Shion Homma is one of J2’s most highly-rated talents, and while his tackling sometimes leaves a bit to be desired he shouldn’t be asked to eliminate the spikiness from his game… (日本語版)

As Takumi Nagura wriggled free in midfield and looked set to spark a dangerous attack, you could just see what Shion Homma was about to do.

Having made up four of the five yards between himself and the V-Varen Nagasaki forward, Homma realised he wasn’t going to close the rest of out in time to get to the ball before Nagura released it and so opted instead to launch unceremoniously into the back of him. It was more cynical than malicious, but after allowing play to continue referee Futoshi Nakamura unsurprisingly called Homma over and issued a yellow card.

The Albirex Niigata number 10 looked a little relieved that was the extent of his punishment, but it would ultimately only prove to be a stay of execution and after failing to heed the warning he was handed his marching orders 12 minutes into the second half after another rash challenge.

This was also one you could see coming before the event, and after enthusiastically bounding back to slide in and stop Seiya Maikuma from breaking down the right flank and then getting his head to Maikuma’s attempted pass down the wing Homma’s exuberance got the better of him as he flew foolishly into Round 3 with Maikuma with a high boot and his studs showing.

Truth be told, this challenge was probably worthy of a straight red card on its own, although Albirex manager Albert Puig, in close attendance on the touchline and no more than 10 yards away from the incident, wasn’t in agreement and gestured furiously at Nakamura after seeing his team reduced to 10 men.

“Football is a spectacle,” Puig said in his press conference after the game. “Supporters pay money to come and get their fill of football, and I think therefore we have to protect technically gifted players like Shion. With that in mind, I think there is certainly room for discussion about his second yellow card today.”

It’s not especially surprising that Puig would publicly leap to the defence of his boy wonder, but privately he will surely have accepted that a sending off was the correct decision. Despite his tender years this is already the second time Homma has been sent off in J2, and he was also forced to take an early bath against Renofa Yamaguchi last season after receiving a second yellow card for a similarly reckless lunge into Hikaru Manabe when he had very little chance of winning the ball.

Bearing that in mind, Puig may even have taken Homma aside and had a quiet word in his ear about looking to curb that side of his game a little – although personally I hope not.

At 164cm and 59 kilograms Homma is far from an imposing specimen, but the fact that the 20 year old doesn’t shy away from the physical side of the game is part of what sets him apart from so many of his peers. What he can do with a ball is of course the main reason he is developing into one of the most sought after players in the J.League, but that extra edge to his play when not in possession is what could see him develop into a truly top class talent.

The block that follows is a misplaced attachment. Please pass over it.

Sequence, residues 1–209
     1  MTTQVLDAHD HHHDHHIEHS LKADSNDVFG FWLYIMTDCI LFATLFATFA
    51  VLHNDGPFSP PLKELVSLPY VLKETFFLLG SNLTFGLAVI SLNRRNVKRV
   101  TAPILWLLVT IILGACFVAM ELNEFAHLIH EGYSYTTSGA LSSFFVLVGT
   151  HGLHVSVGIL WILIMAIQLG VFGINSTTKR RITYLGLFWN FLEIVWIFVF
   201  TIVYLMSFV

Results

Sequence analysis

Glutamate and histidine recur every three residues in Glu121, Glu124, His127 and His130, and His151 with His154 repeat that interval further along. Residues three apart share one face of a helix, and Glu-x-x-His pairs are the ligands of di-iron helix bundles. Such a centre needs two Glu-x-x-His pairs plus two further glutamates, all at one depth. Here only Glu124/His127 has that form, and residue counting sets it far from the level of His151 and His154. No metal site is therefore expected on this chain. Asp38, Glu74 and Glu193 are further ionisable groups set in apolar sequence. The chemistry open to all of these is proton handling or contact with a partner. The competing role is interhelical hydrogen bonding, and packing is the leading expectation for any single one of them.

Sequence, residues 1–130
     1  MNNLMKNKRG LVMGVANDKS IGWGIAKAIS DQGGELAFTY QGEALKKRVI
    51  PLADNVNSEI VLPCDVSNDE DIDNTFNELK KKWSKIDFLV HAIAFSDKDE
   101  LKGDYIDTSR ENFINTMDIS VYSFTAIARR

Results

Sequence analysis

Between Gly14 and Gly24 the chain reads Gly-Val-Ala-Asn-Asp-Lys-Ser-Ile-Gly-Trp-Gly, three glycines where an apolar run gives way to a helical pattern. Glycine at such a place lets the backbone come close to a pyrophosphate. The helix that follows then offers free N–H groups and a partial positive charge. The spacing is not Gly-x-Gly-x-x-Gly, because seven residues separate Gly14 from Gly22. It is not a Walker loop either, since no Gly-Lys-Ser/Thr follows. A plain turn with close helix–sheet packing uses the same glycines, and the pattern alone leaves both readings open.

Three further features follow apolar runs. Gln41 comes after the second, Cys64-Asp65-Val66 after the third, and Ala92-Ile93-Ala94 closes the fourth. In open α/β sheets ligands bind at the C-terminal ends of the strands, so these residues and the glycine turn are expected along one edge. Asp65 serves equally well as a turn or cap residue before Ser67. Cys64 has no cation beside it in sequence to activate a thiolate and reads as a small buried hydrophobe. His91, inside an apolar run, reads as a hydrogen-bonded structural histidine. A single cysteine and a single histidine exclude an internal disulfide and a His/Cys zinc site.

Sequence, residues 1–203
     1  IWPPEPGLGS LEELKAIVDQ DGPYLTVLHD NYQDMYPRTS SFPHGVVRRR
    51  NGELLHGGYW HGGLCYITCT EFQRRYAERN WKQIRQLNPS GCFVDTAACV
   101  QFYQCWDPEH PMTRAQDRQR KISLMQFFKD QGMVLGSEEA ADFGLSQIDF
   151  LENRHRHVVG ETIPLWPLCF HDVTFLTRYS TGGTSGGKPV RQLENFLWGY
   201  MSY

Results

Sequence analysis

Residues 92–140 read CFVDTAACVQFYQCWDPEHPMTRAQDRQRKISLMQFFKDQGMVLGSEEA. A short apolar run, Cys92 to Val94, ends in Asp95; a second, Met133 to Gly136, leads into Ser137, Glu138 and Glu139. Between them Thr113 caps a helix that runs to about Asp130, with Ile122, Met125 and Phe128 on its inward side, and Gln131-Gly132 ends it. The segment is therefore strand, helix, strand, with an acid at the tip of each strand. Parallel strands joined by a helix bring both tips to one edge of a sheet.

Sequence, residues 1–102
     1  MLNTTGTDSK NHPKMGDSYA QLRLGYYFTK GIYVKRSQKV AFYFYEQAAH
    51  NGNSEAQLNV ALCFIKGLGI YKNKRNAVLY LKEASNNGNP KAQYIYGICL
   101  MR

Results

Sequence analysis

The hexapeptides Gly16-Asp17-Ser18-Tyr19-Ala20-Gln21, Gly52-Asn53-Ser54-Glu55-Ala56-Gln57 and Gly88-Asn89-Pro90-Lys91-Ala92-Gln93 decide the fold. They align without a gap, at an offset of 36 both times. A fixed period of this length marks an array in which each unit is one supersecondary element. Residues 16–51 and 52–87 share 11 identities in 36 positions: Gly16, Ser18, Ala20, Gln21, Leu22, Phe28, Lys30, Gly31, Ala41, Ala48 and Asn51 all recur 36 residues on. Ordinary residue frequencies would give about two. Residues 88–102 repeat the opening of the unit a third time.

His Albirex teammates will of course hope his rushes of blood to the head don’t leave them a man short too often, but his red card against Varen may actually be looked back on as a blessing in disguise as the season progresses. A man down against the team that only just missed out on promotion last year Albirex were forced to show real resilience for the final half an hour, and the fact they were able to see out their 1-0 win in those circumstances should only add to the team’s belief as they aim to return to the top flight.

“I just said to the players that the reason they were able to defend even with a player less was because this team is firmly united,” Puig said. “I think if we had continued to play 11 v. 11 in the second half then those watching would have been able to enjoy our play even more. In that sense, the sending off was a real shame.”

Of that there can of course be little argument, and for Albirex fans and neutrals alike games will always be more enjoyable with players of Homma’s quality on the pitch. We shouldn’t forget that possession of a certain edge is often what enables them to perform at such high levels though, and Homma shouldn’t be asked to blunt his if we want him to reach his full potential.

25
Feb
21

Full Frontale

Kawasaki Frontale look like the team to beat again in 2021, but do they like it up ’em? (日本語版)

The Fuji Xerox Super Cup usually serves little more than a symbolic purpose, signifying that the wait is finally over and that the new season has begun.

Things were a little different this year on account of the 2020 season being extended so late – technically not finishing until FC Tokyo lifted the YBC Levain Cup on 4 January – and also because the participants, Kawasaki Frontale and Gamba Osaka, had only squared off six weeks previously in the Emperor’s Cup final. This was more ‘deja vu‘ than ‘we’re back!’.

Further to this, the Super Cup often ends up becoming little more than a glorified training match, with managers holding key players back and approaching the game with less than 100 percent motivation as a result of the game being wedged between the combatants’ opening fixtures in the AFC Champions League.